One day I walked into a facility as a volunteer and the women at the front desk greeted me with such pleasant attitudes. They asked me about my meeting and complimented me on my appearance, and as I sat down waiting I thought about how nice the women were, and how welcomed I felt. Afterall, the building was gorgeous, the people were gorgeous, and what I was about to embark upon would be life altering.
I sat for about five minutes in the waiting area, then the woman who I was meeting came in to walk me to her office. We then toured the facility, which was purposed towards providing me with the background of the organization and their aims. We spoke outside briefly, and then walked back to her office.
As we headed back to the meeting room, she mentioned that the facility is really run by people who went through their program. Meaning, the women I met at the front desk were ex-addicts and I had no clue. They were so pleasant to meet. They were very very kind and to the naked eye one would never know.
It was then that I realized that I could not recognize an addict or anyone with an addiction, but how many people could? How many people do you know could point out a recovering addict? What exactly does an addict look like?
The common misconception is that we think we know how people with addictions look. I blame Hollywood for this. We think that they will be individuals with hair all over their heads, smelly clothes, and bad teeth. Rarely, if ever, do we think about the corporate executive, the married woman, or the college professor. We think we know what addiction looks like, but what we really know is how to identify its aftermath.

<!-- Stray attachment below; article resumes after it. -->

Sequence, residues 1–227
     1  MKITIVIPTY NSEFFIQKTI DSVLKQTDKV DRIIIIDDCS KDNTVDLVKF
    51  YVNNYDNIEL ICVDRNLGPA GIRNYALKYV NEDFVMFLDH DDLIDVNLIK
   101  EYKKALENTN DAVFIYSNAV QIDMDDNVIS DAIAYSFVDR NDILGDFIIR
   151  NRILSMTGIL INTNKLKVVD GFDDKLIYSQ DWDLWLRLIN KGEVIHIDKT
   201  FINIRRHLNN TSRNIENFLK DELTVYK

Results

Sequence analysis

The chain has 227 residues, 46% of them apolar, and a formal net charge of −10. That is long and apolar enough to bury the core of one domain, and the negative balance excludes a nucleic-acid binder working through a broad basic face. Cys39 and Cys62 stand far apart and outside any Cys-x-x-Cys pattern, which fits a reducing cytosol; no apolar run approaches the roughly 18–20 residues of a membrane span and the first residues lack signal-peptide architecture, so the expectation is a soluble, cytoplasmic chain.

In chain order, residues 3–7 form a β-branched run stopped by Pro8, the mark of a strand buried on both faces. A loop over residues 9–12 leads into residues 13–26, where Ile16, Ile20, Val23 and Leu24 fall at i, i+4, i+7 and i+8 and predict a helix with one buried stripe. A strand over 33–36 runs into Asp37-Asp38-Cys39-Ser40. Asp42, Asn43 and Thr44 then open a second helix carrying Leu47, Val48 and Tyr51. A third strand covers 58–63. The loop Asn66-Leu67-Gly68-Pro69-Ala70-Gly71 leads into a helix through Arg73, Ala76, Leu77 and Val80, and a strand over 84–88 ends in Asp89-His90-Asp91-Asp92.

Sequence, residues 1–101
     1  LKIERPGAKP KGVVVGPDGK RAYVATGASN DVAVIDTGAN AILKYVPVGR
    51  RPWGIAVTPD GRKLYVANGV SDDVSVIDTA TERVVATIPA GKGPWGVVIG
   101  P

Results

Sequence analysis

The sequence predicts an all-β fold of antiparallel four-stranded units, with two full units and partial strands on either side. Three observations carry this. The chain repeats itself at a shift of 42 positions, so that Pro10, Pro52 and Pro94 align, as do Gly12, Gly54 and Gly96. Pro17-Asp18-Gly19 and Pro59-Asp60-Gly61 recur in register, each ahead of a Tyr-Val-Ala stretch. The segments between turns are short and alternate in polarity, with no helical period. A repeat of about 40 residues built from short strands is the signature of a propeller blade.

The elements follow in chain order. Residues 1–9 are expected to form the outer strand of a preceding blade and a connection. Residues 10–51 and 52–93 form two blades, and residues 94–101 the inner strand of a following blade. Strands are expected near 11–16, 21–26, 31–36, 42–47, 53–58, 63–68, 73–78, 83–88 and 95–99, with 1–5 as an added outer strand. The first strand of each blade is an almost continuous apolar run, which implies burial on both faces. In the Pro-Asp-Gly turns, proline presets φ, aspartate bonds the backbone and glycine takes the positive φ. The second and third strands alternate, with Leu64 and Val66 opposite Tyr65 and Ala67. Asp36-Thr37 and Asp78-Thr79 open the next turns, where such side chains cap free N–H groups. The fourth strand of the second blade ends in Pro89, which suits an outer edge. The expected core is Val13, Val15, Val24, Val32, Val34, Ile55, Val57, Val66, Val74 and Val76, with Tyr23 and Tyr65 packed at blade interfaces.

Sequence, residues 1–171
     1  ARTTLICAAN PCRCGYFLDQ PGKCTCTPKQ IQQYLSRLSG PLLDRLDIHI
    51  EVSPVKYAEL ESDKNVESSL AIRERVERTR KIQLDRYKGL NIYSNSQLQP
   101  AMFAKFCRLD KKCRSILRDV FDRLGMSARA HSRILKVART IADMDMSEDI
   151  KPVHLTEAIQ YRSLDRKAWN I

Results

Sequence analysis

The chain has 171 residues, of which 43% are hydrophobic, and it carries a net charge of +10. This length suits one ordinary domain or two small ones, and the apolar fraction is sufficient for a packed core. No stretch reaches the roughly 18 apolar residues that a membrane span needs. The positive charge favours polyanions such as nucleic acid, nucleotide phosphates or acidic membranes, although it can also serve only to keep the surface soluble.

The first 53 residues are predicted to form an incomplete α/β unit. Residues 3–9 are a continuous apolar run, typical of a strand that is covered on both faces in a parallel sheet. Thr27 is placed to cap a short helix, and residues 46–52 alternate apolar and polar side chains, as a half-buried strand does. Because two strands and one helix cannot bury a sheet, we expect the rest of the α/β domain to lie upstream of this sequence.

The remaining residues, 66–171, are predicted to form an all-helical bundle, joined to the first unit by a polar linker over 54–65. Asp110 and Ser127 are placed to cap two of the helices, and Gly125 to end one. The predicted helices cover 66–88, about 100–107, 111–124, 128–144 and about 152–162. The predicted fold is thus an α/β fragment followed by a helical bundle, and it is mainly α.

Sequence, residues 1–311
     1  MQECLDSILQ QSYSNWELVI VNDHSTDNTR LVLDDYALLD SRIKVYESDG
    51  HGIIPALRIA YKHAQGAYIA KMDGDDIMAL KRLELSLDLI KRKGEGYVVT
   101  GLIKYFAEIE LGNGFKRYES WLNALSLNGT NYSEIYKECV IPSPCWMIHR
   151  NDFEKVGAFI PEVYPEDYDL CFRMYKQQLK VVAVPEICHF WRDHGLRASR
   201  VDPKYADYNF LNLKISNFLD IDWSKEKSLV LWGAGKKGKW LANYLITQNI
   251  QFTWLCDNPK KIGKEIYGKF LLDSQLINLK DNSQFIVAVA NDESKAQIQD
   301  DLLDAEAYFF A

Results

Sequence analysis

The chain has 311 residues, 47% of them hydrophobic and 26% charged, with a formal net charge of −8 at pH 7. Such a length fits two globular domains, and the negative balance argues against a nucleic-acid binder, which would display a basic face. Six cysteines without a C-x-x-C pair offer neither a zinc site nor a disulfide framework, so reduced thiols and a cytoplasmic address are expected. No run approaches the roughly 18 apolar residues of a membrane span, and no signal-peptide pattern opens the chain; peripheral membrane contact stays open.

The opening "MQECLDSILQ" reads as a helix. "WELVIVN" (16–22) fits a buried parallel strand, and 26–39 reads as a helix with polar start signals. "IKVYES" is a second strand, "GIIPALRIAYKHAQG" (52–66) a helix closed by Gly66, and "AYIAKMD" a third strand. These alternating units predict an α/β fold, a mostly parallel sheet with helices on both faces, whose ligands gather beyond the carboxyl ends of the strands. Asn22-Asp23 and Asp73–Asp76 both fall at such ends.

With this in mind, I wonder how many people knew that I was an addict. While I wasn’t a hard substance abuser, I was one with an addiction. My drug of choice was dysfunctional relationships. I was addicted to people who would feed my insecurity and I would use them to inject the substance of their attention into my body. I would receive a euphoric high and be happy until they couldn’t inject me again. I would then dispose of them like dirty needles that were no longer of any use to me.
In retrospect, my drug was also pain. I moved to make room for it, I nursed it, I made excuses for it, I worked hard to get it. In essence, I built a life around it and it became my normal. If pain wasn’t present then I wasn’t either. I needed a quick hit of it. I needed it to survive while denouncing its presence in my life.
Interestingly, no one thought to ask me if I needed to check into a rehab center. No one asked me if I was ok. Maybe because I was functioning well. Maybe they thought that a strong person as myself didn’t need help. Maybe they couldn’t spot an addict either.
Honestly, it takes a special kind of person to identify an addiction before the impact becomes visible. Maybe I should say that it takes a recovering addict to identify a present one. I can spot out a woman who’s struggling with the same drug that I once struggled with. I can smell the seduction of it in her speech, her body language, her heart. The reason I can identify it is because I had so much practice with it. I’ve toyed with the idea of it, I’ve flirted with the momentary fixes, I was once her.
Addiction is not just what we see on television, and it isn’t only what people admit to. In fact, it’s much deeper than that. It is heavier than what we think, but many of us refuse to pay attention close enough to save someone else from overdosing. Well we say we care, but refuse to go out of our way to prevent their demise.
This is a charge to you! If you see someone struggling with your drug of choice (insert the thing that keeps you bound) help them.